|It can be hard to resist a phone call from a charity seeking desperately
needed funds for flood victims, endangered species, or the homeless. A postcard
claiming you have won a prize if you'll just call and send in an
"administrative fee." Or an investment offer giving you an
"exclusive chance to earn potentially enormous profits.
But you must resist. These are just a few examples of the kinds of fraudulent
schemes Americans run across every day. Experts estimate that consumers lose
more than $100 billion annually to a broad assortment of frauds, cons and scams.
Fraudulent telemarketing and direct mail appeals account for $40 billion of this
Alarmingly, the elderly are a major target for con artists, especially phony
find raisers and hucksters hawking bogus investment and insurance schemes.
Whether they are widowed and lonely, eager to help others or merely intrigued by
a "once in a lifetime" opportunity, increasing numbers of older
Americans are falling for sophisticated and slick appeals that can wind up costing
them thousands of dollars, not to mention untold anguish and stress.
Taking your money is the number one goal of the nations scamming scoundrels.
Many concoct their cons just to get a credit card number so they can go on a
spending spree financed by Y-O-U. Other will bill you incredible sums for merely
calling them to find out more. And still more want a check or cash as soon as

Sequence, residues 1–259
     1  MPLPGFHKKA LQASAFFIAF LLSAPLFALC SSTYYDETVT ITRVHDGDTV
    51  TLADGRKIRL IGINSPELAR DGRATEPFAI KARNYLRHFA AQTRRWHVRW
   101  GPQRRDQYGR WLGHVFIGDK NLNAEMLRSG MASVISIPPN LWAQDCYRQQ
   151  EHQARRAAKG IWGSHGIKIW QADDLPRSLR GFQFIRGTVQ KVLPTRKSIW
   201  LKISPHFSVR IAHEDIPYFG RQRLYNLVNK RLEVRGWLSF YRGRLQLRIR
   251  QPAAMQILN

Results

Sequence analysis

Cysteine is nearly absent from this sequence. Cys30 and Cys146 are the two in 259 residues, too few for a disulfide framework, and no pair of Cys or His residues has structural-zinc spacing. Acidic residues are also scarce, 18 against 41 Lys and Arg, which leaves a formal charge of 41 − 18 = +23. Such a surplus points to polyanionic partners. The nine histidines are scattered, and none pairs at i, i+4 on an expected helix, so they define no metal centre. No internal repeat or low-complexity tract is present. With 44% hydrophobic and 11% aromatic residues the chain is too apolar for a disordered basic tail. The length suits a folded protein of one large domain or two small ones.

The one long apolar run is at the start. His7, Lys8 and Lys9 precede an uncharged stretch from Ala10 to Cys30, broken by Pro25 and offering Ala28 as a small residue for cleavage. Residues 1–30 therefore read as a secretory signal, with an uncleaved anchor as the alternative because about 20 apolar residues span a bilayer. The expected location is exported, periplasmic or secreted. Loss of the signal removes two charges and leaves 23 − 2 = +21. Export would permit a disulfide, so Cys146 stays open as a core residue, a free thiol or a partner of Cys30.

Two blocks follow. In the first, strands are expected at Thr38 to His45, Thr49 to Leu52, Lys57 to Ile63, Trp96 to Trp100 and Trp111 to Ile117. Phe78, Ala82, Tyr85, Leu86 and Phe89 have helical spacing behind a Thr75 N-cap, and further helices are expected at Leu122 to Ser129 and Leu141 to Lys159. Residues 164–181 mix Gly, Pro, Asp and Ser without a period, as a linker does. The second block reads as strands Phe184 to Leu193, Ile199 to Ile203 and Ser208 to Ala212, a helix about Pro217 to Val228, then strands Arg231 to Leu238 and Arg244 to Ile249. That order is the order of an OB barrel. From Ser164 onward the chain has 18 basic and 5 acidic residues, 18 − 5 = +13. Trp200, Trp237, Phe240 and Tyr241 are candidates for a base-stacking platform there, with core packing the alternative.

possibly - by overnight delivery, by wire or even courier - so they have your
money before you have them figured out.
What consumer soaking schemes are the rage these days? Among the major scams
of the 1990s are postcard sweepstakes offers. In a recent pole, 30% of Americans
said they had responded to such mailings, sometimes sending hundreds of dollars
to "register" for seemingly fabulous prizes or trips.
False charities are another popular consumer con. Telephone trouble makers
claiming to represent everyone from police officers to the disabled take
advantage of American's generosity to the tune of billions of dollars every
year. Adding to the problem is an array of fraudulent appeals - in newspaper
ads, on television and by mail - about business and investment opportunities,
vacation homes, and even "miracle cures" for everything from baldness
What can you do:
- If a caller asks for your credit card, bank account or social security
number to verify a free vacation, a prize, or gift, say "NO" and
- If you are calling a 900 number in response to an advertisement or
something you received in the mail, make sure you know all the charges up
- Before you agree to support a charity that calls seeking money, ask for
written information bout its finances and programs.
If you feel you've been conned, call the police or Better Business Bureau. Remember:
consumer fraud is a crime. And last but not least, remember that an offer that
sounds too good to be true, probably is.
|A small investment of time and money can make your home more secure and can
reduce your chances of being a victim of burglary, assault or vandalism.
Get to know your neighbors. Watchful neighbors who look out for you as well